• “If this people go up to do sacrifice in the house of the Lord at Jerusalem” (1 Kings 12:27)
  • “It is too much for you to go up to Jerusalem” (1 Kings 12:28)
  • “Shishak king of Egypt came up against Jerusalem” (1 Kings 14:25)
  • “Hazael set his face to go up to Jerusalem” (2 Kings 12:17)
  • “Then Rezin king of Syria and Pekah son of Remaliah king of Israel came up to Jerusalem” (2 Kings 16:5)
  • “And they went up and came to Jerusalem” (2 Kings 18:17)
  • “the priests of the high places came not up to the altar of the Lord in Jerusalem” (2 Kings 23:9)
  • “Nebuchadnezzar king of Babylon came up against Jerusalem” (2 Kings 24:10)
  • “thou shalt carry it up to Jerusalem” (2 Chronicles 2:16)
  • “Shishak king of Egypt came up against Jerusalem” (2 Chronicles 12:2)
  • “So Shishak king of Egypt came up against Jerusalem” (2 Chronicles 12:9)
  • “the host of Syria came up against him: and they came to Judah and Jerusalem” (2 Chronicles 24:23)
  • “let him go up [to build an house in Jerusalem]” (2 Chronicles 36:23)
  • “let him go up to Jerusalem, which is in Judah” (Ezra 1:3)
  • “All these did Sheshbazzar bring up with them of the captivity that were brought up from Babylon unto Jerusalem” (Ezra 1:11)
  • “Now these are the children of the province that went up out of the captivity … and came again unto Jerusalem and Judah, every one unto his city” (Ezra 2:1)
  • “the Jews which came up from thee to us are come unto Jerusalem” (Ezra 4:12)
  • “they went up in haste to Jerusalem unto the Jews” (Ezra 4:23)
  • “And there went up some of the children of Israel … unto Jerusalem” (Ezra 7:7)
  • “began he to go up from Babylon, and on the first day of the fifth month came he to Jerusalem” (Ezra 7:9)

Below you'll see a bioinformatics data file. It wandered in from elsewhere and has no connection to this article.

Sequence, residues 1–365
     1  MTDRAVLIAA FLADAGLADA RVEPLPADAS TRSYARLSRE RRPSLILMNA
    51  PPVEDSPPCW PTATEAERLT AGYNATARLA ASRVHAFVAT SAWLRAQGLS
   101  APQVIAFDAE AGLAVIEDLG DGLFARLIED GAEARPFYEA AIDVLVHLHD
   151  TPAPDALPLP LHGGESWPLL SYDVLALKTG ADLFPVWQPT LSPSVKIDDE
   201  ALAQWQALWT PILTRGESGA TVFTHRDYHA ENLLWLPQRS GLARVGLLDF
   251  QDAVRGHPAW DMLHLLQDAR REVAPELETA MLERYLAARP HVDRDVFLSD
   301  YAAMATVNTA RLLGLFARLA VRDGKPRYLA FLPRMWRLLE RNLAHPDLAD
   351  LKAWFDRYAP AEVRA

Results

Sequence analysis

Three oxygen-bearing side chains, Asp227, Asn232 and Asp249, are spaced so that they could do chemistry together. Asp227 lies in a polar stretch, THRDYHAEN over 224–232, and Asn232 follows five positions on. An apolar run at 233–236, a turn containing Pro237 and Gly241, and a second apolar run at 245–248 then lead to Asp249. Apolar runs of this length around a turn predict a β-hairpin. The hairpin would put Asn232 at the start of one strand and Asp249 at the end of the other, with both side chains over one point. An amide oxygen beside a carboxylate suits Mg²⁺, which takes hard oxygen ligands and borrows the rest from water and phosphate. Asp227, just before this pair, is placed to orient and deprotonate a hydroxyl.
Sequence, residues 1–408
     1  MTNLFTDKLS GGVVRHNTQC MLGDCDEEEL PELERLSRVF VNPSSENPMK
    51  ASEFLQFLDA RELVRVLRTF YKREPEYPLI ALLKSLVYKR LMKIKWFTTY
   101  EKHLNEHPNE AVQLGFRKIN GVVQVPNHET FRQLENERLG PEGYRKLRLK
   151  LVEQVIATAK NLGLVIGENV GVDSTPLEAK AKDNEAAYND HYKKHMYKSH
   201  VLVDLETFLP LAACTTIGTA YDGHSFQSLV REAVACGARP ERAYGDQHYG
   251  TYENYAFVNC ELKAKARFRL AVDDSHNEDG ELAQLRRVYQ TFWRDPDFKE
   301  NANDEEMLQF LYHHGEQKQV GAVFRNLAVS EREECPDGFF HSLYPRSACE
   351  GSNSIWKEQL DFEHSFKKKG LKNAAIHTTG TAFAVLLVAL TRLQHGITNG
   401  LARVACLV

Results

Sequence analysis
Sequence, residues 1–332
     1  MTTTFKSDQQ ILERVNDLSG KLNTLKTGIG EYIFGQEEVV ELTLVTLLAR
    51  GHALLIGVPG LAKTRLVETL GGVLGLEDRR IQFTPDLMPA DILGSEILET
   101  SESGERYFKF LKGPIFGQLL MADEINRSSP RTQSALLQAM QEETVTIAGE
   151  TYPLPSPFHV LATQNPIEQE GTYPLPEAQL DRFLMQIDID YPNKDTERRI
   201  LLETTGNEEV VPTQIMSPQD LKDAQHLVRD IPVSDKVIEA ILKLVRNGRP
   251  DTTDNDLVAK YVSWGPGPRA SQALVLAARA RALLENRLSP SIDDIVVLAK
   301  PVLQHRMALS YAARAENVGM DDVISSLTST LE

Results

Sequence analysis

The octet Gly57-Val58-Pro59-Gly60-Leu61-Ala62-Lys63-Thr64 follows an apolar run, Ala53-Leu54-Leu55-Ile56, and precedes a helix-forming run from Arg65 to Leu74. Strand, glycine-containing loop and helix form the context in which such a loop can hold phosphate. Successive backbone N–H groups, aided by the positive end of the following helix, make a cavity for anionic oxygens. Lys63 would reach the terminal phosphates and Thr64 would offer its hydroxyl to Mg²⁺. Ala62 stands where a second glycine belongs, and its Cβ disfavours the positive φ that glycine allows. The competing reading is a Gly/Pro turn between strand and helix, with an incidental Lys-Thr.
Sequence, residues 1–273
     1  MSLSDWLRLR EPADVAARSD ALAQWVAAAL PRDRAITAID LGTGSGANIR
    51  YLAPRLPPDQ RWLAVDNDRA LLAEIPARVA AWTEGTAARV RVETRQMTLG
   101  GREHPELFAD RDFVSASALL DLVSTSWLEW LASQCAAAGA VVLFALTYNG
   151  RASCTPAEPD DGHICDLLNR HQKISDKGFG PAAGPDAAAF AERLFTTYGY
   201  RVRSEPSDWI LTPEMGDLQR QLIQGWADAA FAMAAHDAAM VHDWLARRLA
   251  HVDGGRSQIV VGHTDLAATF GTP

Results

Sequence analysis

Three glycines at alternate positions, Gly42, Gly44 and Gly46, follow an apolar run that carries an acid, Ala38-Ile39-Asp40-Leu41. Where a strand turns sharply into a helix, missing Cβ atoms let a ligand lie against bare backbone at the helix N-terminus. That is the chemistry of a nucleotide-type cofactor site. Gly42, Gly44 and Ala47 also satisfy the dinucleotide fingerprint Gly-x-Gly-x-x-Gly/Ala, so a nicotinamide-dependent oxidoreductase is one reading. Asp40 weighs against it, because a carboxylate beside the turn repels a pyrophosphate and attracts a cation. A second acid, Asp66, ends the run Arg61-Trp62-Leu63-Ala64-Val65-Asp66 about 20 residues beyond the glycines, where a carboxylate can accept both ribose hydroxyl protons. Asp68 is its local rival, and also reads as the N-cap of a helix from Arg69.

• “to go up to Jerusalem” (Ezra 7:13)
  • “These are the children of the province, that went up out of the captivity … and came again to Jerusalem and to Judah, every one unto his city” (Nehemiah 7:6)
  • “Come ye, and let us go up to the mountain of the Lord, to the house of the God of Jacob; … for out of Zion shall go forth the law, and the word of the Lord from Jerusalem” (Isaiah 2:3)
  • “Rezin the king of Syria, and Pekah the son of Remaliah, king of Israel, went up toward Jerusalem” (Isaiah 7:1)
  • “But it came to pass, when Nebuchadrezzar king of Babylon came up into the land, that we said, Come, and let us go to Jerusalem” (Jeremiah 35:11)
  • “Come, and let us go up to the mountain of the Lord, and to the house of the God of Jacob; … for the law shall go forth of Zion, and the word of the Lord from Jerusalem” (Micah 4:2)
  • “And it shall come to pass, that every one that is left of all the nations which came against Jerusalem shall even go up from year to year to worship the King, the Lord of hosts” (Zechariah 14:16)
  • “whoso will not come up of all the families of the earth unto Jerusalem” (Zechariah 14:17)
  • “Jesus going up to Jerusalem took the twelve disciples apart in the way” (Matthew 20:17)
  • “Behold, we go up to Jerusalem” (Matthew 20:18)